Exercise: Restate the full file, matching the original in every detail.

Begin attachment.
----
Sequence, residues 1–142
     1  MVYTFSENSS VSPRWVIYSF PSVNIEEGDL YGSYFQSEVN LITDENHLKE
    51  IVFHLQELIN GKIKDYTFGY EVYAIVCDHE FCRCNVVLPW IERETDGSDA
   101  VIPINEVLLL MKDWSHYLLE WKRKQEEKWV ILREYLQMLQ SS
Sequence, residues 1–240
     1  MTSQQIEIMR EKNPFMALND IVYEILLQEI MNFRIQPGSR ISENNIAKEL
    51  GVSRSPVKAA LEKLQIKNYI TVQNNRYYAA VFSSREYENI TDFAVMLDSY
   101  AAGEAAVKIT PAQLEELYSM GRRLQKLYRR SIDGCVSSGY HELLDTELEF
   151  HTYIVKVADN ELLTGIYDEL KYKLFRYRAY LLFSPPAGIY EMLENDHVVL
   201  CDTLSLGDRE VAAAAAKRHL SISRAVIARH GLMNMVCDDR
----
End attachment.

Sequence, residues 1–142
     1  MVYTFSENSS VSPRWVIYSF PSVNIEEGDL YGSYFQSEVN LITDENHLKE
    51  IVFHLQELIN GKIKDYTFGY EVYAIVCDHE FCRCNVVLPW IERETDGSDA
   101  VIPINEVLLL MKDWSHYLLE WKRKQEEKWV ILREYLQMLQ SS
Sequence, residues 1–240
     1  MTSQQIEIMR EKNPFMALND IVYEILLQEI MNFRIQPGSR ISENNIAKEL
    51  GVSRSPVKAA LEKLQIKNYI TVQNNRYYAA VFSSREYENI TDFAVMLDSY
   101  AAGEAAVKIT PAQLEELYSM GRRLQKLYRR SIDGCVSSGY HELLDTELEF
   151  HTYIVKVADN ELLTGIYDEL KYKLFRYRAY LLFSPPAGIY EMLENDHVVL
   201  CDTLSLGDRE VAAAAAKRHL SISRAVIARH GLMNMVCDDR